In the MLTC program, however, the Department of Health authorized MLTC plans to reduce and terminate hours of home care services, with no right to Aid Continuing, if the plan’s service reduction coincides with the end of the plan’s “authorization period” for the services. Home care services have always been authorized for an "authorization period" of up to six months. This ensures that the administrator - whether the local Medicaid program or an MLTC plan -- has reassessed the individual's needs to make sure services meet changing needs. Since these are LONG-TERM care services, the end of the authorization period does not mean services should end - they should be reauthorized with no interruption. But - the State's view allowed disruption and even termination of these services without these crucial hearing rights.
The NYS Budget incorporates an Assembly Bill proposed by Chairman Gottfried (A4996) that guarantees the right to receive AID CONTINUING "without regard to expiration of a prior service authorization." The final budget bill is A9205 Sec. 42, amending Soc. Services Law Sec 365-a, subd. 8 (Section 42 is at pp. 134-135 at this link). See NYLAG Statement in Support of A4996.
WARNING: MLTC members must still "exhaust" their internal appeals within the MLTC plan before they request a fair hearing. Many people don't realize that their fair hearing will be DISMISSED if they did not first request an INTERNAL APPEAL from the MLTC plan. See more about MLTC appeals in this article.
It is hard to overstate the harm caused by denying “aid continuing” for dual eligibles receiving long term care services. An individual whose 24-hour care is reduced to 8 hours/day would be at severe risk of harm if left alone 16 hours/day without care for several months, while a fair hearing is pending to challenge the reduction. Falls and other accidents, malnutrition, pressure sores could result. Without help to take medications, medical conditions could deteriorate. The result could lead to avoidable hospital stays, institutionalization and even death. It is the prevention of this irreparable harm that is the cornerstone of due process.
Here's an example of one of NYLAG's clients who will now be protected by this change:
Recent Example of Illegal Denial of Aid Continuing
In November 2013, a managed long term care plan threatened to reduce 24-hour split-shift continuous home care to 12 hours a day for Ms. D, a severely disabled New York City resident who cannot get out of bed or go to the bathroom without an aide’s help. Though she requested a hearing, the managed care plan and the State’s hearing office contended that she did not have the right to “aid continuing” for the months that the hearing would take, because the date of the threatened reduction coincided with the last day of the so-called “authorization period” of the services. She would have been left alone 12 hours per night had not NYLAG been able to reach a settlement in her case. Thanks to this new change in the law, it won't happen to her when the next authorization period ends -- or to thousands of others like her.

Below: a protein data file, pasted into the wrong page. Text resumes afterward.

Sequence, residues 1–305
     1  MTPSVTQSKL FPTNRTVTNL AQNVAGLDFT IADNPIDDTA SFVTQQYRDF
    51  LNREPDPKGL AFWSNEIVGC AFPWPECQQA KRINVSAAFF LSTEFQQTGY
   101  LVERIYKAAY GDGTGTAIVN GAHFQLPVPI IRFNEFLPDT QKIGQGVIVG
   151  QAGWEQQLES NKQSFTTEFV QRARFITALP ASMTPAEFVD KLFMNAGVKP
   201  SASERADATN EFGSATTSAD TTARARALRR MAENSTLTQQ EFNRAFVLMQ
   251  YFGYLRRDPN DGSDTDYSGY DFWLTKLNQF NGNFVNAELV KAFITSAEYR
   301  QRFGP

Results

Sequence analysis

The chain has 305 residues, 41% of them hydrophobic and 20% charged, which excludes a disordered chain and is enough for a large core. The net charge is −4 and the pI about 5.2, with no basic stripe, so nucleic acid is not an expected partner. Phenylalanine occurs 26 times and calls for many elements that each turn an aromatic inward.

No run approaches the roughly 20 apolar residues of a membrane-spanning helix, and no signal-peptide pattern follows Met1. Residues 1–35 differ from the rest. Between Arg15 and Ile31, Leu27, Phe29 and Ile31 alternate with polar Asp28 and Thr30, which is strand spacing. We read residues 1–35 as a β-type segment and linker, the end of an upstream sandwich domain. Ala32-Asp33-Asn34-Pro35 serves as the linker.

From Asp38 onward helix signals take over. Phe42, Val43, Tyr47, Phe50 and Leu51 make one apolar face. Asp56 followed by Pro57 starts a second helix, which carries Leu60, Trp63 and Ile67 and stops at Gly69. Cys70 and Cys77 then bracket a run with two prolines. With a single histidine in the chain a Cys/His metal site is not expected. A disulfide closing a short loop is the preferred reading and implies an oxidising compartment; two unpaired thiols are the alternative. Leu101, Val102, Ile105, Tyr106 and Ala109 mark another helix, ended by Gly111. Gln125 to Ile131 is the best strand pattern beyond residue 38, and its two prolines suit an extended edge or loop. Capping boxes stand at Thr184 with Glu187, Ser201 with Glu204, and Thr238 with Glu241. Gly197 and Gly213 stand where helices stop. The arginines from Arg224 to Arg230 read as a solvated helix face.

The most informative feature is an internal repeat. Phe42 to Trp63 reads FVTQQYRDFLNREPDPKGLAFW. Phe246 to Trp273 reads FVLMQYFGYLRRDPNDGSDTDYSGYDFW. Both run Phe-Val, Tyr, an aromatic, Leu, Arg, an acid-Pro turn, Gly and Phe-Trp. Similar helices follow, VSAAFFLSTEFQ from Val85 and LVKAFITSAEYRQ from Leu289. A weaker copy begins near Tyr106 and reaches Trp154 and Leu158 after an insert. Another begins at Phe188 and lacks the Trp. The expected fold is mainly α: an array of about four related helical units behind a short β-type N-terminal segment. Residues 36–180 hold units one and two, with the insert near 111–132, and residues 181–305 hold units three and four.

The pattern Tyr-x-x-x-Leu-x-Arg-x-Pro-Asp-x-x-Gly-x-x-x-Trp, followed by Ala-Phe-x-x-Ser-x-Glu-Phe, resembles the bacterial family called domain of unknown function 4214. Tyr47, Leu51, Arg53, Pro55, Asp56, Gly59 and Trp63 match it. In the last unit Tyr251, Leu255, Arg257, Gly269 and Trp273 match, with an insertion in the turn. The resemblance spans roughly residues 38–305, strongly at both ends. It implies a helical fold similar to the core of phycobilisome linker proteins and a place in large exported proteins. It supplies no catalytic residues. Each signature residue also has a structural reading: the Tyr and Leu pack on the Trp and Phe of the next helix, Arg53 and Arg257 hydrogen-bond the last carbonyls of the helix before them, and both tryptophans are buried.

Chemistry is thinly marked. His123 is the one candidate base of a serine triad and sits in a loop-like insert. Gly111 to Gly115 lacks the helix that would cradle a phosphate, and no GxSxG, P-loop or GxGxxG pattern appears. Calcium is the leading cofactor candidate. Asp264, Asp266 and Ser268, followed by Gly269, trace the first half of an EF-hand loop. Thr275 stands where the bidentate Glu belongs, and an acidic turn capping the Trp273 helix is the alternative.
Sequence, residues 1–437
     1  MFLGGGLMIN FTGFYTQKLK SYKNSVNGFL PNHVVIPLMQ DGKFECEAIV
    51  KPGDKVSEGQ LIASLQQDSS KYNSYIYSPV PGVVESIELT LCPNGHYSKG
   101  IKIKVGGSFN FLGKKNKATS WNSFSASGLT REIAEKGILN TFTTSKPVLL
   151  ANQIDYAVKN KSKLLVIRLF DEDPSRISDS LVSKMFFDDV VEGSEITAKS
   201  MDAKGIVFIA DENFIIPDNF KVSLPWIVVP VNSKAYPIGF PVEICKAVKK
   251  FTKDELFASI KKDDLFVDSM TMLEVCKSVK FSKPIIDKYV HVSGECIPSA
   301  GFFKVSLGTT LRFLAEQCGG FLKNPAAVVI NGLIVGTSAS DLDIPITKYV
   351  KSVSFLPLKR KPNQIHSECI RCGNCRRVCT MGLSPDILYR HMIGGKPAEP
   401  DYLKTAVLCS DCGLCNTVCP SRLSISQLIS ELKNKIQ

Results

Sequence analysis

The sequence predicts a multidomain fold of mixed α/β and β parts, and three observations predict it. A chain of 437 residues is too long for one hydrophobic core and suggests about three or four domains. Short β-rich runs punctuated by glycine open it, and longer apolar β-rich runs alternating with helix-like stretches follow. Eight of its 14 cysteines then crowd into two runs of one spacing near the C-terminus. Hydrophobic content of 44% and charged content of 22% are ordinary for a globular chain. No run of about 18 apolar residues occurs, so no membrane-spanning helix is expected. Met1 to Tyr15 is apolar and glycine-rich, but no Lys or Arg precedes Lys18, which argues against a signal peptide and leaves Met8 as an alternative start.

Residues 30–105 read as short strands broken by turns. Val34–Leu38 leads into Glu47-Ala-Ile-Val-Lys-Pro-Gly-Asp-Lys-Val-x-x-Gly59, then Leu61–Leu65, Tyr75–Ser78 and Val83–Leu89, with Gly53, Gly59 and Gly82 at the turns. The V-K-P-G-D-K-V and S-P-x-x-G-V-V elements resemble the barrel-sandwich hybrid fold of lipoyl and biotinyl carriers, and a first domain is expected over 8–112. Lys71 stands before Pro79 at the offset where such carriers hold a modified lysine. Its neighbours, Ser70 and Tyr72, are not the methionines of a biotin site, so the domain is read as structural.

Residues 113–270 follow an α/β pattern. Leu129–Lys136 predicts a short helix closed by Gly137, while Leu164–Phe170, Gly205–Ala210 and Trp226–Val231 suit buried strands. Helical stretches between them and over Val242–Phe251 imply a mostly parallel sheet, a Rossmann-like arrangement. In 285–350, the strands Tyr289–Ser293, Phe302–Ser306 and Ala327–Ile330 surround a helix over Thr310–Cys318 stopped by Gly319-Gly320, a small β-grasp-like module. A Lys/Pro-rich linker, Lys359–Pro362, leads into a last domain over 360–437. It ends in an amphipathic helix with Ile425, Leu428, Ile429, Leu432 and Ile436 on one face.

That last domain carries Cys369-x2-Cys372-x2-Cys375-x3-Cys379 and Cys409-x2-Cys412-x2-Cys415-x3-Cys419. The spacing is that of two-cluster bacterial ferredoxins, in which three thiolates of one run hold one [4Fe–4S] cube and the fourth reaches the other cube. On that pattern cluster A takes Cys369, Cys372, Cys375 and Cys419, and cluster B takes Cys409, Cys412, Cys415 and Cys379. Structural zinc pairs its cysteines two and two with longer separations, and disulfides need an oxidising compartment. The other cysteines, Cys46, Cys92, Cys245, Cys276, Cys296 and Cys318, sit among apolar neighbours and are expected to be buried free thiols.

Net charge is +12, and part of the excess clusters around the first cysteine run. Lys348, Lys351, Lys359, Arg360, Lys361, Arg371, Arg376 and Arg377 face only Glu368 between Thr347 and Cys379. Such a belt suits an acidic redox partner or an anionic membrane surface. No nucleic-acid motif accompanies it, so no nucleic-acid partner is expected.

Authorizes language to create a Basic Health Program
Expansion of the membership and scope of the Medicaid Managed Care Advisory Review Panel (MMCARP), including new language proposed by Assembly Health Chair Gottfried to require review of notices, trends in service denials, and more. It also requires MMCARP meetings to be webcast.
Limiting recovery against Estates of MAGI recipients - When many people across the nation expressed reluctance to apply for the expanded Medicaid on the Exchange, for fear of a lien being placed against their Estates after they die, CMS issued a policy directive in February 2014 that allowed States to limit the scope of recovery. Though this came late in the NYS Budget process, CSS Community Health Advocates, NYLAG and other advocates succeeded in convincing NYS to exercise this option afforded by CMS. For anyone who obtains Medicaid using the new "MAGI" budgeting, a lien on their Estate can only be placed if they were over age 55 when they received Medicaid, and only for the cost of certain services -- nursing home services, home and community-based services, and related hospital and prescription drug services. MAGI recipients are generally not eligible for nursing home care anyway. This is section 62-a of the budget law at A9205/6914. NOTE that this does not apply to "non-MAGI" recipients - anyone who has Medicare is non-MAGI and is still subject to a lien against their Estate for the cost of all Medicaid services received after age 55.
EPIC INCOME LIMITS RAISED - This is the state-funded prescription drug subsidy program for people age 65+ to subsidize costs incurred with Medicare Part D. Effective April 1, 2014, the income limit for the deductible plan will increase from $35,000 to $75,000/year for those who are single and from $50,000 to $100,000/year for those who are married. See EPIC's website for old rules. In the new eligibilty group:
SINGLE deductible will go up to $2,430 year for highest income (up from max of $1,230/year)
MARRIED deductible will go up to $3,215/year for highest income (up from max of $1,715/year)
See Sections 12-13 of A9205/6914 (pp. 19-21)
¹DUALS COALITION STEERING COMMITTEE: Center for Disability Rights ● Center for Independence of the Disabled/NY ● Community Services Society ● Consumer Directed Personal Assistance Association of New York State ● Empire Justice Center ● Legal Aid Society NYC ● Medicare Rights Center ● New York Association on Independent Living ● New York Legal Assistance Group.